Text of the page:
Acceptance or Endurance? It matters.

Yesterday, it was 28° F. That was an improvement over the 10 days of rain preceding it. A decade ago, I wouldn’t have ridden outside at that temperature. I made that rule in the name of protecting my precious knees. I had so many rules: dry roads, no rain (or ice or snow or sleet or tornados…porcupines), full light, temperature above 50° F. I invoked safety and health at the mere hint of adverse conditions. It was all bull pucky, as my dad would say. The truth was that it was cold or wet and I didn’t want to be either of those. Besides, I had years to ride outside (30 years ago). Why risk it? I could make the sacrifice to workout indoors in the name of health and safety. Again, more bull pucky.

Yesterday, I pulled on two pair of tights, a thermal turtleneck, a shirt, and jacket. I covered my fingers, head, ears, and face. I attached my aircraft landing lights. And, if it weren’t 4:00 am, I would have howled for joy. Oh, it was cold to be sure. It was also soul-lifting, heart-pumping bliss.

And that is when it hit me. I’ve always thought I was practicing acceptance. It turns out I was practicing endurance. Before I go on, a disclaimer—one is not better than the other. Both have served me well. They are different, however, and that difference matters.

Welcome the present moment as if you had invited it. Why? Because it is all we ever have.

Pema Chodron

Years ago, I signed up for the Daffodil Classic. It was my first organized bike ride. I went alone. It started in a town roughly sixty-five miles from my home. Though I left early in the morning, it was sunny, so I took the top down on my Jeep. Twenty miles into the trip, it got misty. Halfway there, the drops began to fall. I pulled off the highway at the first overpass I saw and put the top up. I still had thirty miles to go but I pressed on. It was at least a decade before my first smartphone, so I had to rely on my PNW intuition for forecasting. I decided the rain would stop. I was wrong. After 20 miles in a torrential downpour, I called it quits. I endured, for a while at least. But I did not accept. Would I have kept riding if I had accepted? Hard to say. Perhaps I would have found a coffee shop and enjoyed a peaceful morning. Perhaps I would have ridden the whole route and grasped whatever joy I could find in being on the road in beautiful country. Perhaps I would have appreciated my grit in trying something new alone. Instead, I missed the joy of the situation entirely. I endured the rain dripping off the back of my helmet into the neck of my jacket, creating a freezing river that flowed to my keister. I endured the foggy glasses, sopping socks, and a running nose. I cursed the weather and whoever planned an early spring ride in a state known for its abundant rainfall.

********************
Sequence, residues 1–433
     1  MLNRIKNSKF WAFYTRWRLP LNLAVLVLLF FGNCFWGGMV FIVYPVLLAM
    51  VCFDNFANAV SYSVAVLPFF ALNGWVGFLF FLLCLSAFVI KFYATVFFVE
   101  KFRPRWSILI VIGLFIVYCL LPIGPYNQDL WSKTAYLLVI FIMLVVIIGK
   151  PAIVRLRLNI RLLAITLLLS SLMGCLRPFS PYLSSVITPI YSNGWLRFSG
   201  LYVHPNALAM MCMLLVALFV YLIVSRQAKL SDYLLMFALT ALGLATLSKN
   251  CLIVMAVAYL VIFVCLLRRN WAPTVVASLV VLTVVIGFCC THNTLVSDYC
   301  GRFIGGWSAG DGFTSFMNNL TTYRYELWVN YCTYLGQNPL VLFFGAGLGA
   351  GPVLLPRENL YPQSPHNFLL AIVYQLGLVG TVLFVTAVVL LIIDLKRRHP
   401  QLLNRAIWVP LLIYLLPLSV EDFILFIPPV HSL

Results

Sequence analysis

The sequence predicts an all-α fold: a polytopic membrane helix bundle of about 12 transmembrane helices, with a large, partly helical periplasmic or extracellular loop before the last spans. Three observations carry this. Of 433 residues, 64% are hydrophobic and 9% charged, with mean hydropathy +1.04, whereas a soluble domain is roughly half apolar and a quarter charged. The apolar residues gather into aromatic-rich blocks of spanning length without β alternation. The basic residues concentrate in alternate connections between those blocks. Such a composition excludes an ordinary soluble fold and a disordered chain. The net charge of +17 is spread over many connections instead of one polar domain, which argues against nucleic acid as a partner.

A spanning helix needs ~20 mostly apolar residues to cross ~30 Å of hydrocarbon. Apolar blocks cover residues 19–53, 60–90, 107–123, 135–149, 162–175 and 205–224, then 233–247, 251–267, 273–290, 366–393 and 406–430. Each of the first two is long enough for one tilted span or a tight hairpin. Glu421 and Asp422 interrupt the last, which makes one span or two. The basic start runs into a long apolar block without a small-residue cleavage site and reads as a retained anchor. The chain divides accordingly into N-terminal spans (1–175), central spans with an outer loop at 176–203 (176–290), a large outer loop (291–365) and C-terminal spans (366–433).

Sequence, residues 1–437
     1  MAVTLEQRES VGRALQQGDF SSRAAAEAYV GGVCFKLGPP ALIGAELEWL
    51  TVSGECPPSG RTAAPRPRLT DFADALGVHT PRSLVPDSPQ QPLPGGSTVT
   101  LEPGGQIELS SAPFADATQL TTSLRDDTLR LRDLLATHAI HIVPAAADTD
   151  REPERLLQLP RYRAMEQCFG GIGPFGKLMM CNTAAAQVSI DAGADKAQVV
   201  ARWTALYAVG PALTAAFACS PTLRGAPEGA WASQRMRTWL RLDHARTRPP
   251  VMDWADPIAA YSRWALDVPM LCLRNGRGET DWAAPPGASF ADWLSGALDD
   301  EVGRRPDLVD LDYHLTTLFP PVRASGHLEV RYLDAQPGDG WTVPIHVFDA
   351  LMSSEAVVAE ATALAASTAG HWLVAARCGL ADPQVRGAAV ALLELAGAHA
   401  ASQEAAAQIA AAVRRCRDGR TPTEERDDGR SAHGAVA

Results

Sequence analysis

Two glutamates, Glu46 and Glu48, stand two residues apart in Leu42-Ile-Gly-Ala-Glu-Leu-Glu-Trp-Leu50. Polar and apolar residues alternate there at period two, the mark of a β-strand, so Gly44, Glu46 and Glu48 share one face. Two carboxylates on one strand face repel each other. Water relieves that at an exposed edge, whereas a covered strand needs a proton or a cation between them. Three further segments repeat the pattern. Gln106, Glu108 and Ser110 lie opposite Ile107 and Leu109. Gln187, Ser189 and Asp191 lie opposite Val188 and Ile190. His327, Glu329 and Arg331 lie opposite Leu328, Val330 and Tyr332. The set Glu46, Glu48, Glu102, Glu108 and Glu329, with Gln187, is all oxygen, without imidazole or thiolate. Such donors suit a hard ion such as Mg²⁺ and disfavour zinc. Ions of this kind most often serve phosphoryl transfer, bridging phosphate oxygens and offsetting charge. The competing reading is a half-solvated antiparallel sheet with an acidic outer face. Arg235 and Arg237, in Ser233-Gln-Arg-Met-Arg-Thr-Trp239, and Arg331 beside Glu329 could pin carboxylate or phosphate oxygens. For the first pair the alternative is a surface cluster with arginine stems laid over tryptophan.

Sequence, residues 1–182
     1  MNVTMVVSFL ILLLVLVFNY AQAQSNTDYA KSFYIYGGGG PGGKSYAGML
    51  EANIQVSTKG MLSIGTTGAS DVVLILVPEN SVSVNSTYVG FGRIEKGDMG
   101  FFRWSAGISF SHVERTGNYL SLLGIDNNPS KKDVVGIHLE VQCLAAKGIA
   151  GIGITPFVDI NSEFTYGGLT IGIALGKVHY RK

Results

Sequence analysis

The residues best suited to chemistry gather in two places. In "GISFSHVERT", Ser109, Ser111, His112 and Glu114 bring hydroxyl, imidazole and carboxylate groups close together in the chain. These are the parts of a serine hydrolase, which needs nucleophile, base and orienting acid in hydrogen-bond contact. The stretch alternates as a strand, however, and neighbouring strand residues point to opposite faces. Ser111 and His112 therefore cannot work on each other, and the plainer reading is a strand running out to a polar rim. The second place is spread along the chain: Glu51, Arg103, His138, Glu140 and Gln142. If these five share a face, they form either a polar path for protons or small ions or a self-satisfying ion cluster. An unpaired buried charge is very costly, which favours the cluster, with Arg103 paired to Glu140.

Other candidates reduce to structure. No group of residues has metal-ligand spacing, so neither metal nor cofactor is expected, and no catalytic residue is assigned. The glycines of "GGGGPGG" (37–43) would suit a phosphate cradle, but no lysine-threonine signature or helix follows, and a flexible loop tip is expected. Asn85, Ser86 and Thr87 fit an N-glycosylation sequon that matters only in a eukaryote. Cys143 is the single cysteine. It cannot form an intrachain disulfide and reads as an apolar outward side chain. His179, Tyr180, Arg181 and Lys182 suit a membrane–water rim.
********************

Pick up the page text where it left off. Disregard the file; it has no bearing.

endure /enˈd(y)o͝or/
Verb: suffer (something painful or difficult) patiently.

Oxford Languages

My ability to endure has served me well. It has allowed me to do some hard things and survive some challenging times. I have rehabbed three spine surgeries and am more active than ever. That is some wicked endurance right there. It is not acceptance, though. In fact, I was fueled by my refusal to accept the life altering changes of my injuries. Similarly, while riding in the rain amongst the daffodils, I refused to accept the monsoon and fueled my ride with the belief that I was tougher than that. I endured because I set out to do something and I was not going to let a little water stop me. I would not allow the rain or my injuries to hold me back. I would endure pain or terrible (probably highly unsafe) conditions and emerge victorious. (Insert Banshee cry here.) By sheer will, I would endure anything to succeed.

That is not acceptance by a long shot. Acceptance is not about struggling to overcome. It is not denial or refusal to experience difficult feelings. It is also not giving up or giving in. It is being at peace with the situation. It is welcoming the discomfort with a knowledge that every situation is fleeting. It is having self-compassion for painful emotions that we have and the memories they evoke.

accept /əkˈsept/
Verb:
1. consent to receive (a thing offered).
2.  believe or come to recognize (an opinion, explanation, etc.) as valid or correct.

Oxford Languages

I met my ride in the rain with a refusal to acknowledge my disappointment and accept the situation. I was determined not to let the rain keep me from riding. It sounds so ridiculous now. “You will not beat me, rain! I have trained for this. I drove sixty-five miles! I will not let a few raindrops keep me from completing my goal. I am tough.” All true. In this case, not helpful. I was miserable. I drove home wet and cold, probably verging on hypothermia. I never signed up for that ride again.

What is fear…..?
Non-acceptance of uncertainty.
If we accept that uncertainty,
it becomes adventure…

Rumi

Yesterday, in contrast, I experienced acceptance. I was disappointed that it was cold. Daylight saving is coming, and the earth is tilting toward spring, though. I know it won’t be cold much longer in the mornings. I had choices. I could rail against the weather which is fleeting and which I cannot control. I could ride inside in the warmth of my home. I could bundle up and wring out every ounce of joy I could get from riding outside in the peace of the morning with my best friend. I picked the latter. After the first stroke of the pedal, I didn’t think about the temperature. I did not struggle. I practiced acceptance, and I was grateful for every moment.

Copyright 2022 Catherine Matthews

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